Keywords: gregory clark; economic history; industrial revolution; sociobiological inheritance
    JEL: N01 N0 N34
    Date: 2009–07
  3. By: John Richard Edwards (The accounting and business history research group - Cardiff University)
    Abstract: The purpose of this paper is to address the lack of knowledge of the accounting occupational group in England prior to the formation of professional accounting bodies. It does so by focusing on attempts made by the occupational group of writing masters and accountants to establish a recognisable persona in the public domain, in England, during the seventeenth and eighteenth century, and to enhance that identity by behaving in a manner designed to convince the public of the professionalism associated with themselves and their work. The study is based principally on early accounting treatises and secondary sources drawn from beyond the accounting literature. Notions of identity, credentialism and jurisdiction are employed to help understand and evaluate the occupational history of writing masters and accountants. It is shown that writing masters and accountants emerged as specialist pedagogues providing expert business knowledge required in the counting houses of entities which flourished during a period of rapid commercial expansion in mercantilist Britain. Their demise as an occupational group may be attributed to a range of factors amongst which an emphasis on personal identity, the neglect of group identity and derogation of the writing craft were most important.
    Keywords: history ; accountants ; bookkeepers
    Date: 2010
  4. By: Jacques Richard (DRM - Dauphine Recherches en Management - CNRS : UMR7088 - Université Paris Dauphine - Paris IX)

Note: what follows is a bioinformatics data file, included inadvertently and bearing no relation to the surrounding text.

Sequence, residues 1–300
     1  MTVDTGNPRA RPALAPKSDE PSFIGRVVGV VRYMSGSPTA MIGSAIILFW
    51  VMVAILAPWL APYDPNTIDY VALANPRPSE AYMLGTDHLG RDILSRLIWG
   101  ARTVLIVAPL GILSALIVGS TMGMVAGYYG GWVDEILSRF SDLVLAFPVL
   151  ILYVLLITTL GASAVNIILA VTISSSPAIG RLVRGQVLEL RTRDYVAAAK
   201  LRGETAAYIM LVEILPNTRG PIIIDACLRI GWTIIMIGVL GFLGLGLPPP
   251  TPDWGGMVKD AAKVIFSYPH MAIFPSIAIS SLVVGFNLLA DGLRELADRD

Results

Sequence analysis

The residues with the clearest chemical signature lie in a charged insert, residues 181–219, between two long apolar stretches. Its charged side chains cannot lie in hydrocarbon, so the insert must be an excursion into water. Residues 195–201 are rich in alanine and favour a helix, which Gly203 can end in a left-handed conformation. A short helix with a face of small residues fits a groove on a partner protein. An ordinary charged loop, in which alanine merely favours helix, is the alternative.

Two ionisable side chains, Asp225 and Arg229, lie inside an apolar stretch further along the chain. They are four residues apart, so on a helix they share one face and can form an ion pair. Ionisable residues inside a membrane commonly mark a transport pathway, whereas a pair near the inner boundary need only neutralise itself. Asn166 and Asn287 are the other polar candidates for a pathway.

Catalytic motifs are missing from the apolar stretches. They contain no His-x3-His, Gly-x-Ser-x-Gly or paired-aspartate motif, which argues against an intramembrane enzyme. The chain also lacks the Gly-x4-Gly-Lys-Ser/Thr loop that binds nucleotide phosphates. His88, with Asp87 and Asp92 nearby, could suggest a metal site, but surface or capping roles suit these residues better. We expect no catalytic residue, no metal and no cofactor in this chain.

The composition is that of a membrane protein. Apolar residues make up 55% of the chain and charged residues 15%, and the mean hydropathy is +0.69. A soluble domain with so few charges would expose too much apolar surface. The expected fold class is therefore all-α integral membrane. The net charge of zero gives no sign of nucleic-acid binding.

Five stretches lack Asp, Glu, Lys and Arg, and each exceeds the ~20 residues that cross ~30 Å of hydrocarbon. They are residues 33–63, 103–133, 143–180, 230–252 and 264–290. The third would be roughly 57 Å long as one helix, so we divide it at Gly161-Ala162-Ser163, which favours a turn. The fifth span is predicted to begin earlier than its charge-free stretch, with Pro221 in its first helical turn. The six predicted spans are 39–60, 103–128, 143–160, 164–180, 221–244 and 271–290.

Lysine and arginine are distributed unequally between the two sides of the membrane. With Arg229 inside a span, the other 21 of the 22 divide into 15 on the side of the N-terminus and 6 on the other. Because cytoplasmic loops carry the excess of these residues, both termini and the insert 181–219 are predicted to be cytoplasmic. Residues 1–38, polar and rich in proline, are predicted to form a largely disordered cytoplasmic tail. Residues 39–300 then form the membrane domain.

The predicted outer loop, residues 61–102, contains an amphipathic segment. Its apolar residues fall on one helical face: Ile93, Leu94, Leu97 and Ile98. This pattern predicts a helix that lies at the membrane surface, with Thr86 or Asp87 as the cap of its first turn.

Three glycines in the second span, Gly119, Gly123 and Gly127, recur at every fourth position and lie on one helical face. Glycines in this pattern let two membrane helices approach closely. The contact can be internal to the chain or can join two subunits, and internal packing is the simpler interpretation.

Abstract: The objective of this paper is to answer six main questions. Question one: what are the words that are actually used to denote “accounting” in the different nations that exist across the globe? Question two: can we classify these words into families and do these families correspond to the families of languages traditionally proposed by linguists? Question three: what families of words used to denote “accounting” are the most spoken in the world? Question four: what are the roots of these words or of these families of words? Question five: do these roots have different meanings and cast different angles of light on the nature of the “accounting science”? Question six: do these meanings imply to revisit the question of the relationship between words and objects such as debated by Michel Foucault? The main answers to these questions are that only six families of words are used to denote “accounting” for about 90% of people living on the earth; that these words are mainly not in line with the linguistic families; that the most spoken word for accounting is coming from the Semitic (practically Arabic) language; that the roots of the words used for denoting “accounting” express very different meanings that highlight the different facets of the accounting science and that , contrary to the Foucault's thesis, these words (roots) seem to give some representation of the complex nature of accounting.
    Keywords: accounting, history, etymology, epistemology, philosophy, linguistics
    Date: 2010
  5. By: Dalsace, Frédéric; Markovitch, Dmitri
    Abstract: There is growing sentiment in the marketing community that our society holds an increasingly unfavorable view of the marketing profession. However, this sentiment is largely based on anecdotal and experiential evidence. In response, the authors use content analysis of the general press to investigate the American public’s current and past attitudes towards marketing. They obtain compelling evidence that the public’s attitude towards marketing has deteriorated over the past twenty years. They observe a similar trend in how marketing is treated in the American business press and in blogs. Next, the authors replicate their analyses on news media from another Western society, France, where marketing activity is subject to greater regulation than in the United States. In discussing the results, they propose that the marketing profession will evolve through a mix of three distinct practices that they name ego-marketing, techno-marketing and alter-marketing. The authors argue that marketing’s image in the population will ultimately depend on the growth and strength of each practice within this mix, with techno-marketing playing a pivotal role. They conclude by reflecting on the role that marketing scholars can play in this evolution.